Tuesday night 6: 15 PM Did you notice happiness? Did you notice the janitor playing basketball by himself? Did you notice one or both or neither? He was a wiry man whose head of hair was almost completely silver gray. His bucket of cleaning supplies just off to the side of the basketball hoop in front of Ladha. Aquamarine tight-fitting gloves on both hands, he was shooting a basketball into the hoop repeatedly, tirelessly, and gracefully. Yes, gracefully. Like just any other student in a rush to get to the bus to a meeting, I was speed-walking with my hands stuffed into my jacket pockets. I had a sheet of notes to scrutinize but I had fortunately kept that stuffed into my pockets until the bus. So, when I rushed out from Ladha, I witnessed the elegance of the man playing basketball. I’d seen him before. He normally had a stern expression but as he put the ball hoop after hoop, he had a light smile brightening his face. He looked so happy.

Happy, that doesn’t seem as showy a word as ecstatic or thrilled. Happy, a calm, satisfied happy that was beautiful to witness. A happy that induced a calm happy in me.

So, did you notice neither, one or both?

If neither, you probably were on your phone, maybe studying, maybe texting, or very focused on getting the next destination, or thinking deeply about things. I don’t blame you. I do all of these all the time. You were probably doing something good. But for fun, the next time you walk out and about, stuff your phone into your pocket and take in the evening view.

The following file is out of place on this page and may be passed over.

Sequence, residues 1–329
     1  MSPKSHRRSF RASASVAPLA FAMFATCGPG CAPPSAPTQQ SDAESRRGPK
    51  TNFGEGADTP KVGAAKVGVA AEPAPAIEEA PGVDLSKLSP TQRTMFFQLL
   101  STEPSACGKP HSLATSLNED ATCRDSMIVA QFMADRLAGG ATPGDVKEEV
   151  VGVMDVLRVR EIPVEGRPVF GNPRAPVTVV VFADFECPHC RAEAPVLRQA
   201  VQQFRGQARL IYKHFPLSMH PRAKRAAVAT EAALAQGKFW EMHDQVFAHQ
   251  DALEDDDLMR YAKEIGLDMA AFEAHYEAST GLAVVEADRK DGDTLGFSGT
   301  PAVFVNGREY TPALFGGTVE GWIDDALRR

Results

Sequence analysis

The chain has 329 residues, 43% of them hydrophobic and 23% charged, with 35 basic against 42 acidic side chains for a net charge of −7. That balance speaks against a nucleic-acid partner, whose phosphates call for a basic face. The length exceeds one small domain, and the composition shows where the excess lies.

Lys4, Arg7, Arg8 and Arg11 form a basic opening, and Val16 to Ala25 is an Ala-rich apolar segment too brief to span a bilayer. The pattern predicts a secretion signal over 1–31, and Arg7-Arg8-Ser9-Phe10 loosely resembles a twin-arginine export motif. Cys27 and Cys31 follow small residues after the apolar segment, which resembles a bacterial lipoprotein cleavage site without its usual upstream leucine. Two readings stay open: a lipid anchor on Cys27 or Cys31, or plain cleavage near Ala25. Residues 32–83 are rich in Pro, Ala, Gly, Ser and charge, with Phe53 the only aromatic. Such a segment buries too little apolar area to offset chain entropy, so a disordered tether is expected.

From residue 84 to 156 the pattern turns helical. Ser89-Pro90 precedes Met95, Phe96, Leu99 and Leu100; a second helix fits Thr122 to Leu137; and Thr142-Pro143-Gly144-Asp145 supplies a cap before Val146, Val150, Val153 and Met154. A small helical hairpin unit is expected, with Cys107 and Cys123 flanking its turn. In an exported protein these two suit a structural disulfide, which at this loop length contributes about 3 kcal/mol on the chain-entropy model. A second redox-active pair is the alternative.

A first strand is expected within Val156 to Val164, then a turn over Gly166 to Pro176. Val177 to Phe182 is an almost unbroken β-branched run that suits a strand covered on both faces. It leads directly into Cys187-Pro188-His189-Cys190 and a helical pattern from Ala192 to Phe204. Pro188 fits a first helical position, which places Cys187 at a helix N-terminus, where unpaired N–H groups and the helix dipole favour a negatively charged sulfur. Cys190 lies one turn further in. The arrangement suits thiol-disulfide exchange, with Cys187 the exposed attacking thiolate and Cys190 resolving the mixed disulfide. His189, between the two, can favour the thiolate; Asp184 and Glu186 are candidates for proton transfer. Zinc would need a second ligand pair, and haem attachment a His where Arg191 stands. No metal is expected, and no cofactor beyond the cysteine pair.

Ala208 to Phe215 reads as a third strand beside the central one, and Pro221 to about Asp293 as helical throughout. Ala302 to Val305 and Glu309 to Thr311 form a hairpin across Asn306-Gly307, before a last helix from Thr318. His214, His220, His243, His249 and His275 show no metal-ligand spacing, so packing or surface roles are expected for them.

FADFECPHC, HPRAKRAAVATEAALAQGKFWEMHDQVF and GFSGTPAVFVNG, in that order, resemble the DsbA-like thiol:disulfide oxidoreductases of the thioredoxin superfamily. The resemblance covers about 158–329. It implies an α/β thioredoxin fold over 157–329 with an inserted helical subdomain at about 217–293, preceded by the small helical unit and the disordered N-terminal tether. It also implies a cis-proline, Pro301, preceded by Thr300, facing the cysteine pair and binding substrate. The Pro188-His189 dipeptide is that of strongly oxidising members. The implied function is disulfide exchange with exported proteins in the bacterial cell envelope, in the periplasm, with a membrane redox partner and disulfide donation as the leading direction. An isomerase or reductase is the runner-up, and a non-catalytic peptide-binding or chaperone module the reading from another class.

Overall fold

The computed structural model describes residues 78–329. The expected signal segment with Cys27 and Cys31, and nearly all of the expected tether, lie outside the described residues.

Maybe you just noticed the man playing basketball but missed the details. Once you choose to be aware, you’ll start noticing everything.

We’re not the only ones observing. The man also paused, scored another basket, and made a brief moment of eye contact. Then, he smiled with just a tiny extra burst of energy and tipped his head as if to say, “This is great.” I nodded back. And then he returned to his basketball. Who knows what else there is this story? What else do basketball mean to him? ¬†I didn’t know. I’ll probably never know because I was only meant to witness that beauty of that moment before picking my pace back up and continuing on my way, on my own journey of life.

You never know what you’ll notice if you look.

Cute song of the day! (Vision related!)

But in real life,¬†please don’t follow someone around without telling her or grab her arm like he did at the beginning at the video. Recall my earlier post about¬†Things you should know about people with vision loss.